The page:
It’s a great debut from Norton, who clearly has a talent to create realistic settings and characters. It would be interesting to see what he comes up with next, if anything.

holding graham norton2

Winter Smith: London’s Burning


Enjoy thrillers? Enjoy YA? Enjoy horror? Can’t get enough of zombies? Then you will love Winter Smith: London’s Burning!

I wrote London’s Burning from the age of 17. It’s my debut novel, and my first proper foray into writing. Last April, at the age of 21, I finally published the novel and waited with baited breath for people to give me their feedback! Thankfully, most people liked it, so I carried on with writing the second (to be released soon).

London’s Burning follows socialite Winter Smith as the life she once knew is ripped apart, and she has to escape from London to the river Thames. Government are promising safety in France, but only to those who can get to the evacuation boats. Winter travels, meeting people along the way, and learning that not everything is as it seems, and not everyone is to be trusted.

If you fancy getting your hands on a copy, you can! It is available in both ebook and paperback format on Amazon, and every now and then I appear at comic and horror cons across the UK in the hopes of selling a few copies of these novels to those who want to read it! Click the link above and get yourself a copy. Also available in Europe and America! No excuses!

Misery: Book Review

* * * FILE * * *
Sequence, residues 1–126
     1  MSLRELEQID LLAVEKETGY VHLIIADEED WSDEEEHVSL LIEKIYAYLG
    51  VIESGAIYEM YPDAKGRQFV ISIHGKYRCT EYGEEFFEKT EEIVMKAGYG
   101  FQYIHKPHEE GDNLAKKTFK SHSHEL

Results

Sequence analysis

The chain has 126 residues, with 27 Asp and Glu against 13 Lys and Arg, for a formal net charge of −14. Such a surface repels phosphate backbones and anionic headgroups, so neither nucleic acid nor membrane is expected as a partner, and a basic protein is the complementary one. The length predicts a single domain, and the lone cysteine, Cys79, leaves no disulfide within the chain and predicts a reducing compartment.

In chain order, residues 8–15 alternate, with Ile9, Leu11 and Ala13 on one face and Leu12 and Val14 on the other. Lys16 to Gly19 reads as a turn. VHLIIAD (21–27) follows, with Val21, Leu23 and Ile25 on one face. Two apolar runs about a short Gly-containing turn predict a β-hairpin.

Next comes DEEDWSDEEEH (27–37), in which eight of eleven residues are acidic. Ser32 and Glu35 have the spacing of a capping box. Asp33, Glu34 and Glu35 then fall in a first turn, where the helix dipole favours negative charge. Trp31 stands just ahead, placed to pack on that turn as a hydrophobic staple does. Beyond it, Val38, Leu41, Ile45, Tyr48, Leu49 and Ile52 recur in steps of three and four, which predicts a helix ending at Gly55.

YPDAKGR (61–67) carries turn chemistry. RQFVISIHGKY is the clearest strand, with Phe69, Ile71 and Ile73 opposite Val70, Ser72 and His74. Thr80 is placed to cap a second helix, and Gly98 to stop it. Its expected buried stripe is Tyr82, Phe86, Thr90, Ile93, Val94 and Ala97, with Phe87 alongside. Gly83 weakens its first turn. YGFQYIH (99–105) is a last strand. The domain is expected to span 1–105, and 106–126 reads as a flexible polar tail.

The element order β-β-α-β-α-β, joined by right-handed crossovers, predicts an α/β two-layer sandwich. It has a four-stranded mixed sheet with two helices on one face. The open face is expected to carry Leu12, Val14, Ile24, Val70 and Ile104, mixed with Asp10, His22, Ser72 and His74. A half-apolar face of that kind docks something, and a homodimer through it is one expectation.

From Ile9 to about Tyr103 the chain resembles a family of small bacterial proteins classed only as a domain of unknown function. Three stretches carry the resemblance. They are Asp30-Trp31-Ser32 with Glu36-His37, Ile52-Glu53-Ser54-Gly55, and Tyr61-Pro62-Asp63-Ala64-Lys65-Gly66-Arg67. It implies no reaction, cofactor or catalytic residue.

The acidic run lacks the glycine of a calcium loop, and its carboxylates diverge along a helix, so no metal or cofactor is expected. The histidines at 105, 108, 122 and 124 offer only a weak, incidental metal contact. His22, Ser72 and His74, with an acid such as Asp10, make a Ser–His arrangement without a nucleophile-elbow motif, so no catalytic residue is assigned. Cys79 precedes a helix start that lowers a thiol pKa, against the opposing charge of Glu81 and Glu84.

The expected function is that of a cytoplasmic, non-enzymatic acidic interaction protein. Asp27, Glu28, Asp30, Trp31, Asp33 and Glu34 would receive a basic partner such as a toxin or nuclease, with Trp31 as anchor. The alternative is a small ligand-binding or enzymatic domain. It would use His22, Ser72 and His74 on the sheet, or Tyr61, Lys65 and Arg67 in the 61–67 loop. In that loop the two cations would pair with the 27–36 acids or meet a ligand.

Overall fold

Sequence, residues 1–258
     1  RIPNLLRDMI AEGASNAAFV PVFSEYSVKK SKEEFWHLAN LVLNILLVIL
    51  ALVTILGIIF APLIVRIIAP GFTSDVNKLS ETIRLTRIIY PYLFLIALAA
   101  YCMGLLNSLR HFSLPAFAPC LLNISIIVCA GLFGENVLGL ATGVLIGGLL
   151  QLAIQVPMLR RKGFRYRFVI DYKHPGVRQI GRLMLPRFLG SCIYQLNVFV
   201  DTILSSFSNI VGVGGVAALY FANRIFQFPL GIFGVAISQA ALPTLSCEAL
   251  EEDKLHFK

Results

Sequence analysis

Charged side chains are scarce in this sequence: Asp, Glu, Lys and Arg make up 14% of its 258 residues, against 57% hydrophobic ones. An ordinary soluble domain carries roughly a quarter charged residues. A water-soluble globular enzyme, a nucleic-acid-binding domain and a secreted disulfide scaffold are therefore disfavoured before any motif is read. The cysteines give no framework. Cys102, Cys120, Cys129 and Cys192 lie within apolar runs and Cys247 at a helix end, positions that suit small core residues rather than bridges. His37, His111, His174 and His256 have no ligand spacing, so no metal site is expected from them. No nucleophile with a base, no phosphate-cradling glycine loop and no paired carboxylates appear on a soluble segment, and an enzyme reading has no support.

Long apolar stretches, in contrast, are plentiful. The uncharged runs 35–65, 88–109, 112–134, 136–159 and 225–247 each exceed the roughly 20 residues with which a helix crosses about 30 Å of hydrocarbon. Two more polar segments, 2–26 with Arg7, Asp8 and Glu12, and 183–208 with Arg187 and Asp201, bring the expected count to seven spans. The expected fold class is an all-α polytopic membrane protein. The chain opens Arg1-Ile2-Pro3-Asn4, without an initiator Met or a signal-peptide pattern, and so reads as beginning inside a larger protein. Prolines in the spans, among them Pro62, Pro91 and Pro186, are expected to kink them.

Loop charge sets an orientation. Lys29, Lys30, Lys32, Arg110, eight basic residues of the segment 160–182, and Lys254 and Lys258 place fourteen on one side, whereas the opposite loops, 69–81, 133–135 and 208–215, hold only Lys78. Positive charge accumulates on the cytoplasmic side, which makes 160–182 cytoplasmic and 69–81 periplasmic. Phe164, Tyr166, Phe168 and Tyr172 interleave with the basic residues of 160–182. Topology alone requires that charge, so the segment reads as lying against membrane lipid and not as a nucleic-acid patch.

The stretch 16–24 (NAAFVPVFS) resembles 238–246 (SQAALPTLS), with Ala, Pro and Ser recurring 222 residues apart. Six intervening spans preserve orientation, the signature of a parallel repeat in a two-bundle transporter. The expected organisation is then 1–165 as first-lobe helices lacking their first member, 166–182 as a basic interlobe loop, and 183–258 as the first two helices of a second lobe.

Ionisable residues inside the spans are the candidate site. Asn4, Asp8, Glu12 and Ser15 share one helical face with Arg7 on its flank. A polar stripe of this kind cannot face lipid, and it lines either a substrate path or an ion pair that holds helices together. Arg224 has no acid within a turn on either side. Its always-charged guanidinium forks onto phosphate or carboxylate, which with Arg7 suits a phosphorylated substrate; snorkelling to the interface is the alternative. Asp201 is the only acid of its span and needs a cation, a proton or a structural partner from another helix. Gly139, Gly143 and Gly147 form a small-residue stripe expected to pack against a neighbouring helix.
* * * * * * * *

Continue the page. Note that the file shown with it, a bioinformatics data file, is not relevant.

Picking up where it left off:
Everyone’s heard of Stephen King, and everyone can agree that the man has a very exceptional talent for writing gripping thrillers. But I’ll be honest here and admit I haven’t read as much of Stephen King as I probably should have!

A lot of authors and budding writers cite King as their inspiration, and I’m guilty of that, too. I’ve read Carrie, The Shining, and maybe one or two others. I decided to give Misery ago, as I’ve heard the reputation of the novel and know it’s a must read.

As you may already know, the plot focusses on Paul Sheldon, a writer from America who has just killed off the lead in a series he has been writing for years. This series is Misery. Like many writers know, a series must come to an end, and a series as big as Misery has been taking up Sheldon’s writing time, and he wants to be considered as a ‘serious’ writer from now on. He’s travelling back from finishing a brand new manuscript, drunk and celebratory.

That’s when he crashes, and it all goes wrong.